The PH manifesto prohibits the prime minister from also taking over the finance portfolio but Mahathir has, in the 100 days, taken over the choicest companies, namely Khazanah, PNB and Petronas under his Prime Minister’s Department. It is a return to the old Mahathirist autocracy. The appointment of Prime Minister Dr Mahathir Mohamad and Economic Affairs Minister Azmin Ali to the board of Khazanah Nasional Berhad also goes against the PH manifesto promise of keeping politicians out of publicly-funded investments since it leads to poor accountability. Only by insisting on rigorous parliamentary checks and balances for bodies such as Khazanah, and that boards comprise of professionals, can we ensure a high level of transparency and accountability.

Mahathir’s response to this criticism was the old feudal justification: “I started Khazanah so why can’t I be in it?” In other words, “Stuff your high ideals and democratic principles!”

What spat with Singapore?

Some of these male politicians have further claimed that Nurul Izzah should not have made her views known to a Singaporean newspaper because of our supposed “spat” with Singapore over the water agreement. Do we have “spats” with either Singapore or China or are these issues just another diversion created by Mahathir to cover up his unfulfilled reforms and failed economic policies?

Let us be clear. The 1962 water agreement between Singapore and Malaysia is sacrosanct just like all the other international agreements made with China and other countries. Mahathir himself should be held responsible for failing to amend the agreement with Singapore when we had the right to do so in 1987. In fact, this is another issue that he should apologise to Malaysians for.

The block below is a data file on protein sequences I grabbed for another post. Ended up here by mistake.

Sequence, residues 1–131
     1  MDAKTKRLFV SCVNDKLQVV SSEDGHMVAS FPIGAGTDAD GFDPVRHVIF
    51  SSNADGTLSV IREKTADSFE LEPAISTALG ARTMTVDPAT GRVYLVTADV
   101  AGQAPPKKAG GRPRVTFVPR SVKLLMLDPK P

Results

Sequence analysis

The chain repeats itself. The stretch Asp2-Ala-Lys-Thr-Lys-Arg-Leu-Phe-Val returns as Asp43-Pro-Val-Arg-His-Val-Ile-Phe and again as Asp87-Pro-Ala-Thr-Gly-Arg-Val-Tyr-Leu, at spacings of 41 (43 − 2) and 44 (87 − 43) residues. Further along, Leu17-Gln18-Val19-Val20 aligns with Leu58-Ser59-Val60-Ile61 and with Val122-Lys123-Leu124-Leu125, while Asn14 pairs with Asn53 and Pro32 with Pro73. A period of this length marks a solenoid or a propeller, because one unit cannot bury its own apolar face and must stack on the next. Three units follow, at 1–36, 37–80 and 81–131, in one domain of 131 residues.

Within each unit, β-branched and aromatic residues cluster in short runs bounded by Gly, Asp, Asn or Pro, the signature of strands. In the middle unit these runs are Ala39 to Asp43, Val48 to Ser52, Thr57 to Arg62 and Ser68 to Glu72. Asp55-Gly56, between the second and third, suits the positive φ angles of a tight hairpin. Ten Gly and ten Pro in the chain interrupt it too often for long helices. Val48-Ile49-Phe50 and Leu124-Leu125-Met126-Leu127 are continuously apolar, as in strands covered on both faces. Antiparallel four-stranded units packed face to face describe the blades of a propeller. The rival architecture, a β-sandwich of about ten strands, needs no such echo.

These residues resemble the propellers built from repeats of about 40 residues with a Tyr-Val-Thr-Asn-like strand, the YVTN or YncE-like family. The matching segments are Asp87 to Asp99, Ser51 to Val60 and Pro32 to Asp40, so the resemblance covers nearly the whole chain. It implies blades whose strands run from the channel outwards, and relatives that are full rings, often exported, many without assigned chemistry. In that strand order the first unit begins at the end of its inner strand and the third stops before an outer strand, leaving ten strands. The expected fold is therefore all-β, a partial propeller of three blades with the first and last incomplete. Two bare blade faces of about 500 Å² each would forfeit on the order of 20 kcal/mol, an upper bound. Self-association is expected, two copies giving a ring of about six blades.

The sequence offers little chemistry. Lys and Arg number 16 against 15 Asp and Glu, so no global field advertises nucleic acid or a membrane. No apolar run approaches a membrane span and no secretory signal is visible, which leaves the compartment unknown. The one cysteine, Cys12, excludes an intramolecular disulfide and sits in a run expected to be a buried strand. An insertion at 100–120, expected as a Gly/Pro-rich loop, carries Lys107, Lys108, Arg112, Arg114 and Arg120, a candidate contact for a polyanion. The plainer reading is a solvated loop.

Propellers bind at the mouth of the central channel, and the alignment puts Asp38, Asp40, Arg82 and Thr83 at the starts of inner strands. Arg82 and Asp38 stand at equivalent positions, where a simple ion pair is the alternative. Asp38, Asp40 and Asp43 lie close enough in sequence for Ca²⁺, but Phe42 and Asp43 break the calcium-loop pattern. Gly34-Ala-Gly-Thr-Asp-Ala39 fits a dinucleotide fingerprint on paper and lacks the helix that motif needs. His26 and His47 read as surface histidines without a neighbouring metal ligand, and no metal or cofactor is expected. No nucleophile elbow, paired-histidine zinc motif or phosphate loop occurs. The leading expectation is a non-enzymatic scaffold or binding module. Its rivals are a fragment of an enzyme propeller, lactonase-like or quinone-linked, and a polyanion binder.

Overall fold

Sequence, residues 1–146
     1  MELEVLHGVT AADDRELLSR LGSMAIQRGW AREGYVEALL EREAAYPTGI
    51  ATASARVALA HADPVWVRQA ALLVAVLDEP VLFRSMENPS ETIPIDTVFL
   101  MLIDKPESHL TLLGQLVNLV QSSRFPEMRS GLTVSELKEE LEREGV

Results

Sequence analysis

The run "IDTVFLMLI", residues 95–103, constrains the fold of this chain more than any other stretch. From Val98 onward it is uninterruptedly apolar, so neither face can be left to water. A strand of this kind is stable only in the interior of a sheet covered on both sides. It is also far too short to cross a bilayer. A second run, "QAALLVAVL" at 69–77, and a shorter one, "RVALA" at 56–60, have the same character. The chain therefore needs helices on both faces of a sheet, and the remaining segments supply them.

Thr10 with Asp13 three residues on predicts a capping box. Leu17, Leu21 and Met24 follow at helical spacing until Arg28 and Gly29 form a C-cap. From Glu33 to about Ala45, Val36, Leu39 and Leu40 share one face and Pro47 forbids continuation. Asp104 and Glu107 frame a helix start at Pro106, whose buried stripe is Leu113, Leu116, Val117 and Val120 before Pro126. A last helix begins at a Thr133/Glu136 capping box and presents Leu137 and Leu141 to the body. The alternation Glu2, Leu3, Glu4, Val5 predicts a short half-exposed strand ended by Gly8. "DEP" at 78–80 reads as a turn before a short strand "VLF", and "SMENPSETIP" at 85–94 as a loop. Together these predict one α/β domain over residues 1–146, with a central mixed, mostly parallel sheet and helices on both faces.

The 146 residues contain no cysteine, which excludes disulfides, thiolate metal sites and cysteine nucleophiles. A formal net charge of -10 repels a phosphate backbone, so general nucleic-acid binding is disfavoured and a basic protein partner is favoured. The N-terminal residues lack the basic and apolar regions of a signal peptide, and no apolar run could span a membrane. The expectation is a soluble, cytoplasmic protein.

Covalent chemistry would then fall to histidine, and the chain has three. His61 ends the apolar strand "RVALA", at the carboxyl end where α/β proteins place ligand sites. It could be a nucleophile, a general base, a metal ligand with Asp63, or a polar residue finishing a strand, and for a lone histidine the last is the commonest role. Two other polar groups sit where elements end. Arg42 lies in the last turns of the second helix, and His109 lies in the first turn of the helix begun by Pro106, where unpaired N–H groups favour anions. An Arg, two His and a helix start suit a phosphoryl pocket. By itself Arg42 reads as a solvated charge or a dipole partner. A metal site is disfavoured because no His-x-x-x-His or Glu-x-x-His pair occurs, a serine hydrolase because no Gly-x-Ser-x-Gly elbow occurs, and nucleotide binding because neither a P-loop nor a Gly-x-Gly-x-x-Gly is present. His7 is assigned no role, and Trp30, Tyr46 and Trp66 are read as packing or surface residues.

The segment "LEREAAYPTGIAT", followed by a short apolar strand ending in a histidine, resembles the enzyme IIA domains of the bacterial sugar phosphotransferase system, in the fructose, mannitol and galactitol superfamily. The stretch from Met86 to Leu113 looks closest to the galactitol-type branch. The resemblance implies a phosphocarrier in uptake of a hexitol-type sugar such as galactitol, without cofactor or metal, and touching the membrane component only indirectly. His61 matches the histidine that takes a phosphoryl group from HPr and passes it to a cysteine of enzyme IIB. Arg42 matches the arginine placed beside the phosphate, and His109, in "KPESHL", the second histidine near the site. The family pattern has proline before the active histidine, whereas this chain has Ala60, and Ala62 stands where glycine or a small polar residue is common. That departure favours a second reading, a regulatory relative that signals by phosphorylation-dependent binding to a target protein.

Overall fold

Malaysia’s current financial difficulties are strictly of our own doing and we cannot rely on other countries for alternative sources of revenue growth. Creating a “spat” over the water agreement is another vain attempt at creating a storm in a teacup out of a tired issue when the new administration should be doing its best to nurture good bilateral relations with all our neighbours in the region.

The importance of speaking truth to power

Malaysians in the “New Malaysia” need to value and practice “speaking truth to power”. Instead of criticising Nurul Izzah based on feudal obeisance to authority, let her be an example, especially to the opportunistic men who have lost their principles and integrity. It means that we have to take a stand if we truly want reformasi and to challenge injustice and authoritarianism.

All it takes is courage, courage to stand for one’s convictions and not the courage to throw conviction out the window for personal gain or political opportunism. “Speaking truth to power” means believing deeply in what you say – it may not be popular. It means taking a risk, it means standing for something without fearing condemnation.

After witnessing these interventions by Karpal Singh’s daughter Sangeet, and Anwar Ibrahim’s daughters, Nurul Nuha and now Nurul Izzah, at critical junctures, I say again: Thank goodness for daughters. They have shown the male politicians that they have the gall to speak truth to power…

Kua Kia Soong is the adviser to Suaram.

The views expressed are those of the writer and do not necessarily reflect those of FMT.